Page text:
Advocates for physician-owned hospitals specializing in cardiac, orthopedic, and surgical services claim that these facilities induce healthy competition, stimulating improved performance among acute care hospitals. This paper examines the effect of specialty hospital entry on one indicator of competition among hospitals: changes in service provision by general hospitals in local markets. Results suggest that general hospitals are stepping up their own offerings of services that are in direct competition with those of specialty hospitals. Entry of specialty hospitals is also associated with significantly higher growth in high-technology diagnostic imaging services in the general hospitals in those markets.
The Medicare Modernization Act (MMA) of 2003 imposed a congressional moratorium on referrals of Medicare and Medicaid patients by physician owners to new cardiac, orthopedic, and surgical hospitals. The moratorium ended in August 2006, but the controversy surrounding the development of physician-owned single specialty hospitals (SSHs) continues in full force. Opponents claim that SSHs engender unfair competition by targeting patient referrals, offering services leading to overutilization, cream-skimming patients, and limiting the ability of acute care general hospitals to cross-subsidize unprofitable services (Kahn 2006). Advocates maintain that by focusing on a limited range of services, SSHs offer better care and provide services more efficiently, promoting competition that stimulates higher quality of performance among their local general hospital competitors (Herzlinger 2005; Greenwald et al. 2006).
The SSH is a relatively new organizational model in the hospital industry, and of the approximately 100 currently in operation, most have opened in the last 15 years. Despite the moratorium, SSH growth has gained considerable momentum in very recent years, and currently dozens are under construction or in planning stages (U.S. GAO 2005; AHA 2008). Supporters on both sides of the debate generally agree that reimbursement inequities under the Medicare payment system has provided significant impetus for SSH development; shortly after the moratorium was lifted, the Centers for Medicare and Medicaid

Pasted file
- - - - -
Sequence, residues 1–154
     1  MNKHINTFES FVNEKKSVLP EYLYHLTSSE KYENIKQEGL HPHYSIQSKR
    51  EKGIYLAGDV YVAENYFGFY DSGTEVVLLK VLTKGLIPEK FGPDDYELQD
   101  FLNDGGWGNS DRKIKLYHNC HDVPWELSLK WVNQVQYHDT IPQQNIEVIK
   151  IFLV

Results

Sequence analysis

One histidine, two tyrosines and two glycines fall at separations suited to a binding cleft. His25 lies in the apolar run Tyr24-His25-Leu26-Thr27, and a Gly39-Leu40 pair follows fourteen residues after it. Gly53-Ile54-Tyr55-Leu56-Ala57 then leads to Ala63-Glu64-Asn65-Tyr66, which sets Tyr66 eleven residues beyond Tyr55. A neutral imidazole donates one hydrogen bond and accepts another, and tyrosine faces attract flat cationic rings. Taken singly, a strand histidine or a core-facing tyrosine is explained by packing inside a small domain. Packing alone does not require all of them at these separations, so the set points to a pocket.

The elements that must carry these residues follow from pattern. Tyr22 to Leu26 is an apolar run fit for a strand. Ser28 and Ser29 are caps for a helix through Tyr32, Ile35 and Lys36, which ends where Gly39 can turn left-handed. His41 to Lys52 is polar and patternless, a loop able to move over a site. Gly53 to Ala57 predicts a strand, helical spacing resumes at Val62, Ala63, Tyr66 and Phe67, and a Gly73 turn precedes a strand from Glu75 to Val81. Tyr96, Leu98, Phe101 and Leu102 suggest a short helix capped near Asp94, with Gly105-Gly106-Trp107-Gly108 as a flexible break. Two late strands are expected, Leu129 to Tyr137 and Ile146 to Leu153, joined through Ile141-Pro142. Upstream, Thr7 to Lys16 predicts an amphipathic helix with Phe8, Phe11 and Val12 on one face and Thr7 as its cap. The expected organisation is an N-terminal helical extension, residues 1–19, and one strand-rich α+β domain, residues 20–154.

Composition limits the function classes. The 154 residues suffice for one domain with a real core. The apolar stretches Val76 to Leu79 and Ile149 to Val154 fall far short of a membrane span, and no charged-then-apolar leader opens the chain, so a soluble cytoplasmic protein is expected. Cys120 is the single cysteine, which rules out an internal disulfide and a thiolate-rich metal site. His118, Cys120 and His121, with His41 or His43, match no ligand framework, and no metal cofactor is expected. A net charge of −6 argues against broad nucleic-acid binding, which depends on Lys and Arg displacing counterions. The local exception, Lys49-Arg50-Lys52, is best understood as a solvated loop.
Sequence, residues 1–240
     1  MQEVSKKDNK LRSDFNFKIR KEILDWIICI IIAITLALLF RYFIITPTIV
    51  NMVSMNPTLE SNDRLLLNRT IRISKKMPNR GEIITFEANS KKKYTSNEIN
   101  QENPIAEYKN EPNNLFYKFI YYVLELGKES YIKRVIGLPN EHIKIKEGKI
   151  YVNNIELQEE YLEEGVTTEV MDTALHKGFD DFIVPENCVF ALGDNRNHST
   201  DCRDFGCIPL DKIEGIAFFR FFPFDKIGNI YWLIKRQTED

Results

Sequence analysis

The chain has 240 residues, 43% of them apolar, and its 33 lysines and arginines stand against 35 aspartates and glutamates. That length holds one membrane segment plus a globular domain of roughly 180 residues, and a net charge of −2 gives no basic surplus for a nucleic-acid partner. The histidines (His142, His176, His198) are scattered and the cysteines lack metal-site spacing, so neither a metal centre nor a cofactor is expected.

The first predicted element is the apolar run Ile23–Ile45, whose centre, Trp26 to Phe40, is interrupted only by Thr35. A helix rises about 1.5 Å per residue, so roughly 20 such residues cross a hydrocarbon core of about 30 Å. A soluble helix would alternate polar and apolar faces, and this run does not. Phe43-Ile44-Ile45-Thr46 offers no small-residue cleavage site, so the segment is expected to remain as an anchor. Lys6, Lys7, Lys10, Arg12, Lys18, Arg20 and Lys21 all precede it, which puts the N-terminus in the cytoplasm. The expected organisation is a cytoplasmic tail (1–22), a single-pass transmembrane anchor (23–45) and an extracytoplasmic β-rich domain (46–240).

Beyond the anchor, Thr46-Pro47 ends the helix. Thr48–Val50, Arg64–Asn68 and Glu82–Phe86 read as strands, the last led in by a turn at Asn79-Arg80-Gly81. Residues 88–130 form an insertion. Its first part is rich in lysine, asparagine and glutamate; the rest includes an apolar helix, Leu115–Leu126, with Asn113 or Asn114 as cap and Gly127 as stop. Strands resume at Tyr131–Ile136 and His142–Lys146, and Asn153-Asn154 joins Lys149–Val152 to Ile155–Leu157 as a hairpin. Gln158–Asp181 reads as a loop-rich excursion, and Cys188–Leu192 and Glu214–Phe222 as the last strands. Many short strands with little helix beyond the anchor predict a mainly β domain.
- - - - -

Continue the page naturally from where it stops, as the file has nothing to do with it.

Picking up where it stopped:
Services (CMS) began refining reimbursement methods to level the playing field for competition (Hayes, Pettengill, and Stensland 2007). There are a number of other proposed regulatory approaches to SSH growth, some under policy discussion and others being tested and evaluated in various states.
Current policy concern and regulatory interest in SSHs are substantial, yet research that might inform policy on SSHs is limited. The two leading research efforts to date have been undertaken by the Medicare Payment Advisory Commission (MedPAC) and CMS, both in response to the MMA mandate. MedPAC found cardiac SSHs to be associated with increased rates of cardiac surgeries in local markets (MedPAC 2006), a conclusion reiterated in a recent study of coronary revascularization (Nallamothu et al. 2007). CMS investigated the quality of care at cardiac SSHs and concluded that it was as good as or better than competitors' care, although the evidence was drawn from a very small sample (Leavitt 2005; Greenwald et al. 2006). Both MedPAC and CMS found that SSHs treat lower severity patients, as have a small number of other researchers (Cram, Rosenthal, and Vaughan-Sarrazin 2005; Mitchell 2005). As for the relative efficiency of SSHs, the evidence is mixed (MedPAC 2006; Barro, Huckman, and Kessler 2006; Carey, Burgess, and Young 2008).
Understanding SSH impact on the performance of the hospital industry is only beginning, and whether SSHs are stimulating healthy competition is still an unsettled question. Prior to the emergence of managed care, hospitals competed for patients largely on quality by attempting to attract physicians, who preferred to refer their price-insensitive patients to facilities having a wide range of services and the latest and most sophisticated medical technology (Luft et al. …